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Newsflash – JTK booked for speeding (Almost)

By James-T-Kirk - 1 June 2010 74

You read it here first on the RiotACT!

Notorious speeder, James-T-Kirk has reported that he was flying driving down Canberra Avenue in the early hours of Tuesday morning, and he spotted a ACT Government Speed Detector van parked in plain sight approximately 400 meters away. JTK was reported as saying “Bugga!”, just prior to deploying the foot brake to reduce the vehicles speed to under the legal limit. Upon passing the van, JTK waved to the very bored occupant, where he promptly returned to cruising speed.

When interviewed, JTK said “Wow – that was an exhilarating feeling, actually traveling at the posted speed limit. I just got my new EOS convertable the other day, and man, does it fly!!! But, seriously, the whole speed thing reminds me of the time when I was traveling to work along Drakeford Drive and there was a Speed Van, a Police bike about 800m away, and another then another bike a further 800m. That would have been a really effective strategy, only thwarted by the time of day – They decided to setup during peak minute – the tiny period when the road has so many cars that it is not possible to get a decent speed up.”

Ms Burlesque Griffin, the Director of speed enforcement has declined to return our calls on the ineffectiveness of the speed enforcement program in detecting, and preventing Mr JTK’s compulsive speed habits.

…..

Sigh – there has to be a better way to stop speeding on the roads – cause the current plan surely isn’t working…….

What’s Your opinion?


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Newsflash – JTK booked for speeding (Almost)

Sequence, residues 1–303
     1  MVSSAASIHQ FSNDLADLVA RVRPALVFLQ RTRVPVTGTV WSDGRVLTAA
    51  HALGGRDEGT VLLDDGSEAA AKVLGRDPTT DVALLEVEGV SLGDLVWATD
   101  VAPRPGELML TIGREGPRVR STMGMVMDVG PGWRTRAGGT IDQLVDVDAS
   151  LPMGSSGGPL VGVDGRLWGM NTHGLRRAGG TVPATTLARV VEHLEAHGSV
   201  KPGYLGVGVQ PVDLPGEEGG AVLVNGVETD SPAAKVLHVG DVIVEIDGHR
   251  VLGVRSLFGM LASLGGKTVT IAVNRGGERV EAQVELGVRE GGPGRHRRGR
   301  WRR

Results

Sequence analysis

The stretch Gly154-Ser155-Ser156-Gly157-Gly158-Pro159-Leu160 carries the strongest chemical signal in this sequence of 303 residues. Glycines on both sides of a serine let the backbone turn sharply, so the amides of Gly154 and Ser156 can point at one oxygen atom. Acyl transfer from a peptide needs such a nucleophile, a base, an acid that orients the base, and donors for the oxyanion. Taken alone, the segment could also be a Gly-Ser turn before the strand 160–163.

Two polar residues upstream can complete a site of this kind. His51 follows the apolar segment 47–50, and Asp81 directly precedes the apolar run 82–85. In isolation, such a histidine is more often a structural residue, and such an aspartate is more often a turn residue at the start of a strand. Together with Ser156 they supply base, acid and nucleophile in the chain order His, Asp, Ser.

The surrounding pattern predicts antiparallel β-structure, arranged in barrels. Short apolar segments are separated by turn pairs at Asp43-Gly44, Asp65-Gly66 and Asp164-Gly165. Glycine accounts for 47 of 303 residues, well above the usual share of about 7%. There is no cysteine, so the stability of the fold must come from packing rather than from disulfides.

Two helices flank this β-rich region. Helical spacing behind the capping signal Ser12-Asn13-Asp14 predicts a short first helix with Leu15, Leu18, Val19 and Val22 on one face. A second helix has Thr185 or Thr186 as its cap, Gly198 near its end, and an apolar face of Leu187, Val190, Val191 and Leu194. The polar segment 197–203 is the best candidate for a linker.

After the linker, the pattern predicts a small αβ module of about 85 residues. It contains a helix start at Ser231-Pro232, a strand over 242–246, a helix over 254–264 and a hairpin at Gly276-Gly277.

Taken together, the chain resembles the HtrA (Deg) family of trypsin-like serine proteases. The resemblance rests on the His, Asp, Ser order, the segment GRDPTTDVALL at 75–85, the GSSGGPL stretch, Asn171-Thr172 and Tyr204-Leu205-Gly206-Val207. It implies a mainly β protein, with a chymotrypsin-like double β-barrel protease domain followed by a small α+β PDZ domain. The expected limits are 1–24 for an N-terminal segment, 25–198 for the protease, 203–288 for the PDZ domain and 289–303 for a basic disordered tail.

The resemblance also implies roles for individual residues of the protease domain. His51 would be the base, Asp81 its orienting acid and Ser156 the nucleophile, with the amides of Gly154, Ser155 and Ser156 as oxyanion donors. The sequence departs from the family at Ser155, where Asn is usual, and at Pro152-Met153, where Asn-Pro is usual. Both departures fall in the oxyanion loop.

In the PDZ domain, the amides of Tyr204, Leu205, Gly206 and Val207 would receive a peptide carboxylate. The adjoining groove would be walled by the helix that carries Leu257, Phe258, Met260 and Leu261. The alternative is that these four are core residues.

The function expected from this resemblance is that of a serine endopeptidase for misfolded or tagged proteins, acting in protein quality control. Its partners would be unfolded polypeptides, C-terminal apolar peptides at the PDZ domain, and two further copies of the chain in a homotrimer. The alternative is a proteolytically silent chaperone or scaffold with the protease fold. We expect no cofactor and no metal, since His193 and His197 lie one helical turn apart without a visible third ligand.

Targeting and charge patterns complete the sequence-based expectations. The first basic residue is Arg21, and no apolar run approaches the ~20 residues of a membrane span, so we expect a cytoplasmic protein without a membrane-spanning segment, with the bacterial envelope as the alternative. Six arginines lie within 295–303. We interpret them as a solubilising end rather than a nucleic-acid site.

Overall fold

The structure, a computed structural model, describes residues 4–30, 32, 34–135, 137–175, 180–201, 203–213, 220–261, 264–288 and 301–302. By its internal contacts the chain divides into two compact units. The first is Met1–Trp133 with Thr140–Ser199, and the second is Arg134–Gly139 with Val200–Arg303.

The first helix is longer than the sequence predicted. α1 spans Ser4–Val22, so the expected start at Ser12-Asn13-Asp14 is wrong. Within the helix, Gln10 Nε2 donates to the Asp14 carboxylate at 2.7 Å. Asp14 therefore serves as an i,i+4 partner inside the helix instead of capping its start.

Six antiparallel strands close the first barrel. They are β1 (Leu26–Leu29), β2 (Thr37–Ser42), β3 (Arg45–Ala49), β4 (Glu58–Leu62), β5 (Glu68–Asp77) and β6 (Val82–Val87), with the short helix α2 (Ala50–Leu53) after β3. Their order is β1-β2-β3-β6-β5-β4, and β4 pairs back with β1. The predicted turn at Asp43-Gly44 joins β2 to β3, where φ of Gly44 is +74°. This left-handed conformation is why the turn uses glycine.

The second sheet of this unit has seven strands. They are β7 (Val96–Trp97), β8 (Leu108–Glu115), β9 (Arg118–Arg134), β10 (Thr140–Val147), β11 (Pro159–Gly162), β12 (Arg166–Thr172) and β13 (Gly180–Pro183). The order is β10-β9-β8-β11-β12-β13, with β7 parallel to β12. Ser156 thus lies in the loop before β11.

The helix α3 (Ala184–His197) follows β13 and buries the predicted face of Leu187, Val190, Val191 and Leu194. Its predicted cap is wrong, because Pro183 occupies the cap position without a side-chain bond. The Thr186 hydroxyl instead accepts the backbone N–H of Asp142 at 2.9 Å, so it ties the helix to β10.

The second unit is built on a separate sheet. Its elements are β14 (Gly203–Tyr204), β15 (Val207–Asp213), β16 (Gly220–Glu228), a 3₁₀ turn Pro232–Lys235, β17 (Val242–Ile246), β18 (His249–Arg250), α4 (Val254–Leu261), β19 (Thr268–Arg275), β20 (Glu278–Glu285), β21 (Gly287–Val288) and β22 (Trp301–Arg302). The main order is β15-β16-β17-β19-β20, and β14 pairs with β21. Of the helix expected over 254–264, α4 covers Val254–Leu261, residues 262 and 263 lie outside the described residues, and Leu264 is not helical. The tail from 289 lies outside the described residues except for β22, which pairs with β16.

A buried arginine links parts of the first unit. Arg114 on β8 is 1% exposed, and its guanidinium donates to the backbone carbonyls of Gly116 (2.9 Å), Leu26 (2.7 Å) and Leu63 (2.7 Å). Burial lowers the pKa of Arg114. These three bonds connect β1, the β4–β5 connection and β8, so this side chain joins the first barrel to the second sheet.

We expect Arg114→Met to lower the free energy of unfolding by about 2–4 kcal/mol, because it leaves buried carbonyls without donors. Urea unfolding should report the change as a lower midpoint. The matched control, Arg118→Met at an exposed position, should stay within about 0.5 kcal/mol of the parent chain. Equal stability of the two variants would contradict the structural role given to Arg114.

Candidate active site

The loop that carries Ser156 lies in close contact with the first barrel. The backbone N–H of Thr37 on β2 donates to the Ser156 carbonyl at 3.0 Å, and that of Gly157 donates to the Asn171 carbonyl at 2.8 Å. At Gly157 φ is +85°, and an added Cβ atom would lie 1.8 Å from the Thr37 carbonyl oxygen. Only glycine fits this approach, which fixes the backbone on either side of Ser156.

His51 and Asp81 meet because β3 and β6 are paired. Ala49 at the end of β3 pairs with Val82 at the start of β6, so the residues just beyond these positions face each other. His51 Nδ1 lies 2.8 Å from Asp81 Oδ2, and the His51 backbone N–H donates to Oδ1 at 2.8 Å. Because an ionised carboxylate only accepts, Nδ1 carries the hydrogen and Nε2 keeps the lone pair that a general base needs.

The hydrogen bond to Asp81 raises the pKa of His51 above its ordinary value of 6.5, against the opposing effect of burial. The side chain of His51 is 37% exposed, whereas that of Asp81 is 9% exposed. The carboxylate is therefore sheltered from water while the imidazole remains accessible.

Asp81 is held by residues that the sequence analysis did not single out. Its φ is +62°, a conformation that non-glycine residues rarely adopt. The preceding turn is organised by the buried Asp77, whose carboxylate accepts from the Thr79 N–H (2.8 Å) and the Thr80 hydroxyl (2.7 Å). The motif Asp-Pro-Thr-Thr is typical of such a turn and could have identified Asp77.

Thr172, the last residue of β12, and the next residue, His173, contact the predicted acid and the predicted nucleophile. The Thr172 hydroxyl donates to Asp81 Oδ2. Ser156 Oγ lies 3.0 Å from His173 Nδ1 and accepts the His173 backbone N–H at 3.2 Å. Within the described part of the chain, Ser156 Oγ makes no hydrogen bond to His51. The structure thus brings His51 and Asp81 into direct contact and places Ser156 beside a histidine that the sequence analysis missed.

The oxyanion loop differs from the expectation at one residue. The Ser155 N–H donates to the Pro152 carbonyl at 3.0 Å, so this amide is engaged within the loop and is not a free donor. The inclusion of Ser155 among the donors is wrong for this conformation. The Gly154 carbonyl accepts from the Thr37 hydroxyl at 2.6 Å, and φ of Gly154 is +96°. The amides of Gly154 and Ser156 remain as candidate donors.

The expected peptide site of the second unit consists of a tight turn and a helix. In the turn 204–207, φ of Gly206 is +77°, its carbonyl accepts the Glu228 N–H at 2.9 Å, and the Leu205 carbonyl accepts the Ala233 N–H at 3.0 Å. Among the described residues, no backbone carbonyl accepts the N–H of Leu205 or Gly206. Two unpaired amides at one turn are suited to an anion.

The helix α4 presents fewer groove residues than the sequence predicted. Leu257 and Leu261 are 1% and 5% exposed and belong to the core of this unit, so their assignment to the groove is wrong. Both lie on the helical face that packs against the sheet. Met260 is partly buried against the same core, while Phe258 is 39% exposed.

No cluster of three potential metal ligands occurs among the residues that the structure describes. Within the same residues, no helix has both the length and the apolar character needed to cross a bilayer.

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georgesgenitals 2:03 pm 08 Jun 10

Woody Mann-Caruso said :

Germany, for example, requires 12 hours of theory instruction, at least 25 hours of professional practical instruction and costs around 1000 Euros.

Is that the same Germany that has 7.2 deaths per billion vehicle kilometers travelled versus Australia’s 6.5? And that’s with all their wonderful training in their very expensive safety-feature-laden automobiles on their very safe autobahns.

The very same. Given that Germany has some roads with unlimted speed limits, and other roads with higher limits than Australia, I don’t think we’re comparing apples with apples here. The point I was making is that another country has managed to implement higher licensing requirements, and life as they knew it didn’t grind to a halt. I still think we need better skills training and testing here in Australia.

p1 1:49 pm 08 Jun 10

How much faster? For what benefit?

It is not about a maximum speed for me. It is about the experience of driving along the road. Lets say for example we take the same Canberra-Sydney trip. Speed limit is, say, 150km/h. If I am driving along in my Hyundai accent, I am likely to spend upwards of 80% of the time below about 120km/h, because it is a small car, with a small engine, etc. And frankly, I usually do those speeds anyway. The difference is, if I decide to pass another vehicle, I can do it quickly and efficiently without being concerned about being booked. I can let the car do a comfortable speed up and down hills, rather then being on the brakes, then back on the accelerator, and my only concern for the absolute value of my velocity would be my ability to take the corners, rather then how it compares to a number in a circle on a sign.

I don’t really see this culture changing, and it would take a cultural change for it to work, but it is a nice fantasy in my head.

chewy14 1:36 pm 08 Jun 10

Woody,

here is the link to the GDE design for stage 2.

http://203.9.249.2/e-registers/pubnote/pdf/SUPP-200915029-GDE_STAGE_2_REPORT-01.pdf

I was wrong that the current design speed was 100km/hr, the original plan was for it to be 100km/hr but they only achieved 90km/hr with the current two lane road. The final design (2 lane) will be for 100km/hr with posted 90km/hr speed limit.

Good engineering practice would be to set the speed limit at the 85th percentile speed (which is the design speed). But most speed limits are usually set to 5-10km/hr below their design speed as an extra safety factor.

My original point, which you have tried to twist, was that travelling on roads at the design speed is not excessively dangerous. The risk increase in setting speed limits at the design speed would not be excessive.